Door County Board Oks Final Phase of Ambulance/Senior Center

After some discussion on the length of amortization, the Door County Board of Supervisors voted at its Jan. 24 meeting to issue $9,995,000 in general obligation bonds to pay for the third and final stage of the Central Ambulance Station and Human Services Resource Center project in Sturgeon Bay.

The amortization discussion involved whether to structure the repayment schedule for 15 or 19 years. The Property and Finance Committees had recommended the 19-year option, but Supervisor Jon Koch pointed out that the county could save $1 million in interest with the 15-year option.

County Administrator Ken Pabich explained that Ehlers, a public finance municipal adviser, looked at a variety of payback options for the county, and it was decided that the 15- and 19-year options were most viable for the county. After that, which one to choose was “a matter of philosophy,” Pabich said. Ultimately, he said, the 19-year option offered more flexibility for the county to bond for other projects in the future.

“It’s a matter of comfort,” Pabich added. “We recommend the 19-year option, but we could work with the 15-year.”

Supervisor Kathy Schultz, who chairs the Finance Committee, said the committee liked the 19-year option better because it had a smaller impact on individual property tax bills.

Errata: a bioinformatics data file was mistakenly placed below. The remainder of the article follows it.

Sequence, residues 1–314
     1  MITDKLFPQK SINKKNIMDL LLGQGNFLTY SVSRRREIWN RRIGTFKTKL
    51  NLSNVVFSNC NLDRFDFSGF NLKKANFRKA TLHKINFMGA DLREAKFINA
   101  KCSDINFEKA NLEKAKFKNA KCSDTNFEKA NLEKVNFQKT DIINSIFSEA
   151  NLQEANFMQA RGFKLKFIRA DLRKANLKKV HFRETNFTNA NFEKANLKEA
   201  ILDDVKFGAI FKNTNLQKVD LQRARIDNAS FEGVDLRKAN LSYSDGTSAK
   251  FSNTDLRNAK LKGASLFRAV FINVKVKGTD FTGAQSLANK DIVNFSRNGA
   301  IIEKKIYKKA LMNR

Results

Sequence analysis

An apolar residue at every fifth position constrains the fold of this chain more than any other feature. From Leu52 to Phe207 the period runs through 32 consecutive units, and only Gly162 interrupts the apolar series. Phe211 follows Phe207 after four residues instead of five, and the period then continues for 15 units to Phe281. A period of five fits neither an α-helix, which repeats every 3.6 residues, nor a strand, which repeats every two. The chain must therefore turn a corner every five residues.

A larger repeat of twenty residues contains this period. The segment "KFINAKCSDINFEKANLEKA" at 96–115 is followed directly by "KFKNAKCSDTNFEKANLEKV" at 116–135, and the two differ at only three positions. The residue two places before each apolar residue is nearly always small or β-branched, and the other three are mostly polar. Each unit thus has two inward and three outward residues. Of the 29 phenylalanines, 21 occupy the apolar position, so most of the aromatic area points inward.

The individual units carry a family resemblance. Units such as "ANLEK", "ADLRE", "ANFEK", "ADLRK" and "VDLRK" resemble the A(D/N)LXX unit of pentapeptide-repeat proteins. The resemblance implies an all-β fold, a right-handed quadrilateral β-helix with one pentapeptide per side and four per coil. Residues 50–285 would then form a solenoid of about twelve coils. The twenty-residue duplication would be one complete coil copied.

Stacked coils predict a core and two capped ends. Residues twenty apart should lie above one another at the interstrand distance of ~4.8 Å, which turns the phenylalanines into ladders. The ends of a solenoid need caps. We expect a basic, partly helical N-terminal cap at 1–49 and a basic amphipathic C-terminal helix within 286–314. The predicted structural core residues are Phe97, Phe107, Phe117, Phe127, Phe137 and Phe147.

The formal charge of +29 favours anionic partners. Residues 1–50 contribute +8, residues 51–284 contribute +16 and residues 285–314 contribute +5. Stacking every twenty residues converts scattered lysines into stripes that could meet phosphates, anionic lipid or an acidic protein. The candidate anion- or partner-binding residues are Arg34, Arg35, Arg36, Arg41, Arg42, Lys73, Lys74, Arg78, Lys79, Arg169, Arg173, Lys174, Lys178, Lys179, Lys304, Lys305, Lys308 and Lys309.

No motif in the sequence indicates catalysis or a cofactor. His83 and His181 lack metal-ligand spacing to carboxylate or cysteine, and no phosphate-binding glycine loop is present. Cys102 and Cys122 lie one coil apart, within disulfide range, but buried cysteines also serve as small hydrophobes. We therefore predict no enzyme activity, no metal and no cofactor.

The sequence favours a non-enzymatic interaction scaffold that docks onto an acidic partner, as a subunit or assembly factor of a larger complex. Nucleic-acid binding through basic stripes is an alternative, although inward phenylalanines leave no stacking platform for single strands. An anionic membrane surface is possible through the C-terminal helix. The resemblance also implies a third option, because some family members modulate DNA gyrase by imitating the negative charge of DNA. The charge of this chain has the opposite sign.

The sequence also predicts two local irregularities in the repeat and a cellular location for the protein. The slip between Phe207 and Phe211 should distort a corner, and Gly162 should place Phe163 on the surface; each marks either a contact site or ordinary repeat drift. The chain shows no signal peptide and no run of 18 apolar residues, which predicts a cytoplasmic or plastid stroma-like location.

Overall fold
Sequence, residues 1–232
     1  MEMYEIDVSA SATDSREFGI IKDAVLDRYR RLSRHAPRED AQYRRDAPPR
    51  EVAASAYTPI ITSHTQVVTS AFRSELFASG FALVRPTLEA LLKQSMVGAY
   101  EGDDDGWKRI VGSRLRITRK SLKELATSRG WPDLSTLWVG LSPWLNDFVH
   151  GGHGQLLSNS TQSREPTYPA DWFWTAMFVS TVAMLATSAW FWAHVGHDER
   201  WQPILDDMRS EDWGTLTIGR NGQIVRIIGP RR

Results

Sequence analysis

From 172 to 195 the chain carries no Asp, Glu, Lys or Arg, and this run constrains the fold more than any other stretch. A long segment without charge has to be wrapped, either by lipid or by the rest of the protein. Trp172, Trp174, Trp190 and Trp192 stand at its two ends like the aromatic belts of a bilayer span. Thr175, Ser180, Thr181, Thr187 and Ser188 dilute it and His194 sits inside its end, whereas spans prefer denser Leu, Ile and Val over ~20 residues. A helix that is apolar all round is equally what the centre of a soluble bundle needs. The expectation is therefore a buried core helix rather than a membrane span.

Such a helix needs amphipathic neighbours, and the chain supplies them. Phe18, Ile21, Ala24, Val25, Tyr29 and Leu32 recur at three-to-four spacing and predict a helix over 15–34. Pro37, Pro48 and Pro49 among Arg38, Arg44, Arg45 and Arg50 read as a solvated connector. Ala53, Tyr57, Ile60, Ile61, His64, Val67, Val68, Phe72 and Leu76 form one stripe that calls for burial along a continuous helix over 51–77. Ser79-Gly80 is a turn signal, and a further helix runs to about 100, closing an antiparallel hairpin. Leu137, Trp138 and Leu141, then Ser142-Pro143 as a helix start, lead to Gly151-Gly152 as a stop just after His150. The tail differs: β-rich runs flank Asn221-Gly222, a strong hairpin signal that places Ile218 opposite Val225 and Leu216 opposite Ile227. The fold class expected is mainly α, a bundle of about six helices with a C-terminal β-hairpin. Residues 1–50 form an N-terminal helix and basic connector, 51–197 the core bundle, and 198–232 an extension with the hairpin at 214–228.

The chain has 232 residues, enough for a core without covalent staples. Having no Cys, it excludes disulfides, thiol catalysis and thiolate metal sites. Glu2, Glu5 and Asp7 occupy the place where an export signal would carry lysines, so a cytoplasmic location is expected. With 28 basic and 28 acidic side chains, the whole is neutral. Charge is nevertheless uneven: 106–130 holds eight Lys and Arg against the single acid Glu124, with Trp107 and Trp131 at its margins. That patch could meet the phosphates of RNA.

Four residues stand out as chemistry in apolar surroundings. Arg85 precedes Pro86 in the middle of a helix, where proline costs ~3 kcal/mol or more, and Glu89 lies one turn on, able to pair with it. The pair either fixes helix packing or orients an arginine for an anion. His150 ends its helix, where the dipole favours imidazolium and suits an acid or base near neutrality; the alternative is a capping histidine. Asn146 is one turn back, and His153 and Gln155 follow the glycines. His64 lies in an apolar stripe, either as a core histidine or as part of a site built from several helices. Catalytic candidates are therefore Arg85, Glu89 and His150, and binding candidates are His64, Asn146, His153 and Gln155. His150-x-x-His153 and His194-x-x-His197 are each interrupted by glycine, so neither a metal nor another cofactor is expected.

“One of our jobs is to manage the tax burden on taxpayers and this allows it to be a more smooth process,” said Susan Kohout, who also sits on the Finance Committee.

“It makes more sense, given the atmosphere we’re living under right now, to go to 19 years, and I would strongly urge that we hold to that,” said Finance Committee member Ken Fisher.

Supervisor Richard Virlee, who chairs the Property Committee, said he supported the 19-year option because it spreads the tax burden out. “People look at how much a tax bill is going up. Spreading it out over 19 years is a better deal,” he said.

“Personally, I have a problem with 19 years,” said Supervisor David Enigl, who made a motion to go with the 15-year option. His motion lost on a 14 to 6 vote, and the 19-year option was adopted.

The contract for the third and final phase of the ambulance and human resources center was awarded to IEI of De Pere, Wis., for $8,128,000, “which we felt was an excellent bid to do this project,” Property Committee Chair Virlee said.

In other matters:

  • The board heard from the group that made the October visit to sister city Jingdezhen, China. The group included Bill Schuster, who retired as head of the county’s Soil and Water Conservation Department last July after 37 years. He used the opportunity to say he left the building quickly at his retirement and now wanted to thank all his former county colleagues. He and the others in the sister city delegation then talked about how this continuing relationship is beginning to show mutual benefits. County Board Chair Dave Lienau was a member of the delegation and he talked about how they were able to have a breakthrough meeting with university officials in Jingdezhen to work out an agreement for Chinese students to come to Door County to work and learn through the J1 Visa program. “They welcomed us with open arms,” he said. Up to 25 students from Jingdezhen will be here this summer. Lienau said as many as 15 students have already been placed with Door County businesses, and CCI Greenheart of Chicago will place the rest through March.